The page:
This meant that if you’re in the US or Asia or other regions, you will still be able to find said information. This did not sit well with France’s privacy watchdog CNIL would requested that Google delist those links on a global scale. However if you were hoping for CNIL’s request to be agreed upon, you would be out of luck as Google has basically rejected the idea.
According to Google, “We believe that no one country should have the authority to control what content someone in a second country can access. We also believe this order is disproportionate and unnecessary, given that the overwhelming majority of French internet users—currently around 97%—access a European version of Google’s search engine like google.fr, rather than Google.com or any other version of Google.”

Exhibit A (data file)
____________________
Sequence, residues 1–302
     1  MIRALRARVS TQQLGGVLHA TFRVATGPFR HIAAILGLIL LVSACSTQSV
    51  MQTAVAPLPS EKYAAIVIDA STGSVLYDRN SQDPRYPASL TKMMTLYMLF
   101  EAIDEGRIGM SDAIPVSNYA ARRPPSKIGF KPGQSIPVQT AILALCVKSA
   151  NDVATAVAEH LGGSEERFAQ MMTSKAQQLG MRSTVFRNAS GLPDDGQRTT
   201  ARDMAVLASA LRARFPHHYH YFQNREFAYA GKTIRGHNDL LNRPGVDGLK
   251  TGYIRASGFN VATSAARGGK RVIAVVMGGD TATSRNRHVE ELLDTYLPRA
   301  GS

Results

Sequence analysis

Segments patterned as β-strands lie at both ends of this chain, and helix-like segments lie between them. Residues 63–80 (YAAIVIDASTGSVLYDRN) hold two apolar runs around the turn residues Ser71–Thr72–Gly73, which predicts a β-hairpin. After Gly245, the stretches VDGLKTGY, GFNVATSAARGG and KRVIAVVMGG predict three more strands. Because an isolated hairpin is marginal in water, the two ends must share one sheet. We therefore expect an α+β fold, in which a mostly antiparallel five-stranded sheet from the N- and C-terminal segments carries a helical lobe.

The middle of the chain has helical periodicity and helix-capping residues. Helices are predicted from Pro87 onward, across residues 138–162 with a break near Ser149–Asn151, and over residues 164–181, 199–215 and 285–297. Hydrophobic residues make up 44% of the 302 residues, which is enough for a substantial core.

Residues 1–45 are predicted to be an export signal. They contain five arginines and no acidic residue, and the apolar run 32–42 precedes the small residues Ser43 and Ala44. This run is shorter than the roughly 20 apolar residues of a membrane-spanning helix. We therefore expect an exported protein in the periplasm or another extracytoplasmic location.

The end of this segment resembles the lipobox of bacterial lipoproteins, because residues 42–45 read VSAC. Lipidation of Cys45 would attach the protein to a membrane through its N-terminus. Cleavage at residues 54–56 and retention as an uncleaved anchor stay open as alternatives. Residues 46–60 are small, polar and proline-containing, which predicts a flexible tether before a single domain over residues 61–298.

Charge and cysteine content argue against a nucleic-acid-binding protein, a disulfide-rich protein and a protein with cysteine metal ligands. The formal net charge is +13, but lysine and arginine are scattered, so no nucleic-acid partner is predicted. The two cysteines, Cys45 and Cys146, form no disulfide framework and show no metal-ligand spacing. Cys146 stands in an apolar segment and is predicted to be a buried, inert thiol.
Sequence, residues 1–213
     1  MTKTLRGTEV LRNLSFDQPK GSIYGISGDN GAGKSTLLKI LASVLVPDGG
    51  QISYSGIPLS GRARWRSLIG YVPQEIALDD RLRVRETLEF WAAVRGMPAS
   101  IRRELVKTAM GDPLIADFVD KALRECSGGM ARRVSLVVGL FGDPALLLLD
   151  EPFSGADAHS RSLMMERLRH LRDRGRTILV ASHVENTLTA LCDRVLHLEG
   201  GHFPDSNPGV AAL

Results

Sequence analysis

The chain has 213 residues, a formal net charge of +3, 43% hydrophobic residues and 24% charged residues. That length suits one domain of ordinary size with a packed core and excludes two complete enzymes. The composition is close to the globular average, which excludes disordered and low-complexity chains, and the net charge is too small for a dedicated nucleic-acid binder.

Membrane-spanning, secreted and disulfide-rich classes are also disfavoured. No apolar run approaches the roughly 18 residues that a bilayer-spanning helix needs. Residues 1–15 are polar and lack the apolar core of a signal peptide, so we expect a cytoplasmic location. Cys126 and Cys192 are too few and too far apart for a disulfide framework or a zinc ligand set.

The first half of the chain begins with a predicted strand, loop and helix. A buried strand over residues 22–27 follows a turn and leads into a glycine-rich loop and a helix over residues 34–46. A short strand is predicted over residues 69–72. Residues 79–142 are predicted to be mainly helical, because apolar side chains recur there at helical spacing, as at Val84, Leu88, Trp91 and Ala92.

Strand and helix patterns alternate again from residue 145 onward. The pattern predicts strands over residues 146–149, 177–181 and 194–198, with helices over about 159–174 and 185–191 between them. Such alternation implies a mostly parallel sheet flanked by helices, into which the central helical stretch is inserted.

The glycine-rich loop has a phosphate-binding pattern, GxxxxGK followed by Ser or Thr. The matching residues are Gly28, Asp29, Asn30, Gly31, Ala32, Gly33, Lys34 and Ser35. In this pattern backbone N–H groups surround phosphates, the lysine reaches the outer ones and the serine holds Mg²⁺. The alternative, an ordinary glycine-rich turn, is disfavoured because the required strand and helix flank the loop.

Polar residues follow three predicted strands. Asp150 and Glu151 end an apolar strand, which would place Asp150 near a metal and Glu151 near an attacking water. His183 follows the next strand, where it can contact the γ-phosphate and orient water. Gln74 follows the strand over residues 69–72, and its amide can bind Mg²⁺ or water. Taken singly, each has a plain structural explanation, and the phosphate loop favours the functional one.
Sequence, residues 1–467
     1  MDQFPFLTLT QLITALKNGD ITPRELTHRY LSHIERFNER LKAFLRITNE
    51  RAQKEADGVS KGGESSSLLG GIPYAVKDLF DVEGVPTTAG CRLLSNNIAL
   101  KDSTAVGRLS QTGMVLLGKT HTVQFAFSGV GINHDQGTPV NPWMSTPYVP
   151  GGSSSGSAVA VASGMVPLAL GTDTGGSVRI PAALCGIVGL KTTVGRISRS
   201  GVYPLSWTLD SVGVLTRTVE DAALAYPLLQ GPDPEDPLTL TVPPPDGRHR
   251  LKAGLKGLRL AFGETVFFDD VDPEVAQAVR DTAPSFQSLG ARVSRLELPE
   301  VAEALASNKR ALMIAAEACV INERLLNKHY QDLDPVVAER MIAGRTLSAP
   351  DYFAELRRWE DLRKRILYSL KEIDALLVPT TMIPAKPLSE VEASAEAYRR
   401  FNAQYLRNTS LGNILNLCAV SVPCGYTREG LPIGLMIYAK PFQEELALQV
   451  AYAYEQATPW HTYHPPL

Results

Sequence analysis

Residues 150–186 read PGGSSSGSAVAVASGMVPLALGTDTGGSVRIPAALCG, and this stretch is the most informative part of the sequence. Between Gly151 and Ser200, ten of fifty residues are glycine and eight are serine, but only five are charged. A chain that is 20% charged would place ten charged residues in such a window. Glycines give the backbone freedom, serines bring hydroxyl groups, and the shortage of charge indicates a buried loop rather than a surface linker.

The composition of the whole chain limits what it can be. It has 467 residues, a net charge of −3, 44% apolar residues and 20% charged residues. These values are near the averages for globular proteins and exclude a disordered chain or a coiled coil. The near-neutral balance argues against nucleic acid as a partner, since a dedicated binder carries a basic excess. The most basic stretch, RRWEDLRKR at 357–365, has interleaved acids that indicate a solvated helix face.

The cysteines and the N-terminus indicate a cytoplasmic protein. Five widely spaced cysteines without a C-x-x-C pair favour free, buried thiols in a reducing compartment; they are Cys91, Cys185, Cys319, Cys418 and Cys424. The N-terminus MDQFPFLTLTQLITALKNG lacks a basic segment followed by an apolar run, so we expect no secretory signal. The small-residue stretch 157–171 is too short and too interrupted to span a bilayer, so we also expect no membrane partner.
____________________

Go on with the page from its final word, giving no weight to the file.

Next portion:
Google also cites reasons on how certain topics are considered legal in some parts of the world, but might not be in another country, so applying one country’s standards or principles to another would not seem fair. To that end, it is possible that Google could face a fine for ignoring their request, with a spokeswoman for the CNIL saying, “We have taken note of Google’s arguments which are mostly of a political nature. The CNIL, on the other hand, has relied on a strictly legal reasoning.”